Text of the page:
What is Kidney Failure?

Our kidneys primarily function as the body’s filtration system: they filter the blood to remove toxins and waste products and eliminate unwanted substances through urination. Sometimes, though, the kidneys can no longer filter the blood as effectively as they should. We call this condition kidney or kidney failure. If left untreated, kidney failure can lead to various complications and death.

Acute vs. Chronic Kidney Failure

There are two types of kidney failure: acute kidney failure and chronic kidney failure. Learn more about their differences below:

1.Acute Renal Failure

Acute kidney failure (AKI) means that the filtration system in the kidneys stops suddenly, usually within hours to days. AKI is usually reversible, meaning that, with intervention, the kidneys recover and regain their function.

Because acute kidney failure is often transient, many health care professionals now prefer to use acute kidney injury instead of acute kidney failure. In this article, we will use the terms acute kidney injury and acute kidney failure interchangeably.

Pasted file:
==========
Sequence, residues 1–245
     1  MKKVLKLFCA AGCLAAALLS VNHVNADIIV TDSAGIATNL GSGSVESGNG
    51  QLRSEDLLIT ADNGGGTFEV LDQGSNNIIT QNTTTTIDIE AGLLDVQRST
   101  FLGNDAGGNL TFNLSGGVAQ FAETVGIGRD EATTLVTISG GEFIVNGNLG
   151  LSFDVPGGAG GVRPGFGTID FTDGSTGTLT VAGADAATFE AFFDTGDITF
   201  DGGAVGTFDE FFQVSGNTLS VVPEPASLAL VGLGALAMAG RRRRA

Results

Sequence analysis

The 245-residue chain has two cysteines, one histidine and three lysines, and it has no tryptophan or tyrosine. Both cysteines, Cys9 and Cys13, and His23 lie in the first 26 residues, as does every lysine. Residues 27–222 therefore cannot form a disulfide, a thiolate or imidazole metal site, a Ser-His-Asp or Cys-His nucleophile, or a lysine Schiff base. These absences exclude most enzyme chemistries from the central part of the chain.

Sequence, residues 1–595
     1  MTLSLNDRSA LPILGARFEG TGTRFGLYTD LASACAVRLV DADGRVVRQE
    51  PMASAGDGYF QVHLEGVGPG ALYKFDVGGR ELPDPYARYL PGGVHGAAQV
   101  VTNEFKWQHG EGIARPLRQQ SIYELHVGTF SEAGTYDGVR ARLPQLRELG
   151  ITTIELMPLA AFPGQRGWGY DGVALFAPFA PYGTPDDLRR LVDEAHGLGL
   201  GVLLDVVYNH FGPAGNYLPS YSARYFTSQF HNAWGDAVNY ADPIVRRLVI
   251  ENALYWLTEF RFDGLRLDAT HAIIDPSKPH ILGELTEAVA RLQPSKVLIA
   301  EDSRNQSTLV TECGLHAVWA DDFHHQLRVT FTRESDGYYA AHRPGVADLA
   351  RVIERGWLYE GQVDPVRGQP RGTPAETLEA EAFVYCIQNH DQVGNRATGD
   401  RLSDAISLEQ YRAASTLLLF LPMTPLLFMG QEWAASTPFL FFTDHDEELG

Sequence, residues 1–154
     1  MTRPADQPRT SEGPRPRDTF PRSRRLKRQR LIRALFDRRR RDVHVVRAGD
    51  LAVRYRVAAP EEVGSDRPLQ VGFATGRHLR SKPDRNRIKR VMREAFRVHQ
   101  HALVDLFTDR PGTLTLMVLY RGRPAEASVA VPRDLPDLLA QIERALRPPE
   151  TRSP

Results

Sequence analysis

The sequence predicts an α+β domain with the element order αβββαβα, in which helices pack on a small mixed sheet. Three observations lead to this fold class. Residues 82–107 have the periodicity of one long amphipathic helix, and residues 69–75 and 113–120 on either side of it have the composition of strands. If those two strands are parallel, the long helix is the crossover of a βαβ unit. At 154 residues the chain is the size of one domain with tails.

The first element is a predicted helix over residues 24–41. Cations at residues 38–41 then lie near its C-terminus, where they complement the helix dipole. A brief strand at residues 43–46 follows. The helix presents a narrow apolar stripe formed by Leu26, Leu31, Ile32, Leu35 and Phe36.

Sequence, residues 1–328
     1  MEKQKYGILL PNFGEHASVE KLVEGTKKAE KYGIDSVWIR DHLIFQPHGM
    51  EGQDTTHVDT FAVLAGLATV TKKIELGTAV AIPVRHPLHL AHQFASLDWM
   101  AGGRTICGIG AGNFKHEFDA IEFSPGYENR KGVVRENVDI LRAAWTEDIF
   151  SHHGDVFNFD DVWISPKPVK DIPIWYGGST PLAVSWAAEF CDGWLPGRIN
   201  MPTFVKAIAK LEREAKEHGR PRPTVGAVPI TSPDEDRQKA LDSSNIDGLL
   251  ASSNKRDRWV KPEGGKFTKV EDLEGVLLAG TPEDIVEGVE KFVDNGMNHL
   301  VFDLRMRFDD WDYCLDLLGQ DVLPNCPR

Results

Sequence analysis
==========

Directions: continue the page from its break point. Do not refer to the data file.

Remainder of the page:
2.Chronic Kidney Failure

Unlike acute kidney injury, chronic kidney failure means a progressive and ongoing decline in kidney function. This means that the problem begins mildly, develops slowly, and may reach the point where you need kidney replacement therapy (transplantation or dialysis).

Signs and Symptoms of Acute Kidney Failure

  • Decreased urine output, although there are conditions when urine output is normal
  • Swollen legs, ankles, and feet due to fluid retention
  • Weakness and fatigue
  • Confusion
  • Nausea
  • High blood pressure
  • Irregular heartbeat
  • Internal bleeding
  • Pressure or pain in the chest
  • Seizures or coma in severe cases

Signs and Symptoms of Chronic Kidney Failure

Reports say signs and symptoms of chronic kidney failure don’t show until after kidney function drops to 20%. At that time, the following symptoms of kidney failure may appear:

  • Abnormal blood tests, including a diagnosis of anemia
  • Abnormal urine tests
  • Swelling in the face, hands, and feet
  • Headache
  • High blood pressure
  • Loss of appetite
  • Nausea and vomiting
  • Metallic taste in the mouth
  • Unexplained weight loss
  • Difficulty breathing
  • Chest ache
  • Easy bruising
  • Skin color yellow to brown
  • Itching
  • Muscle spasms or twitches
  • Numbness and sensation of freshness
  • Weak bones that increase the risk of fractures
  • Fatigue
  • Sleep problems
  • Confusion
  • Convulsions
  • Coma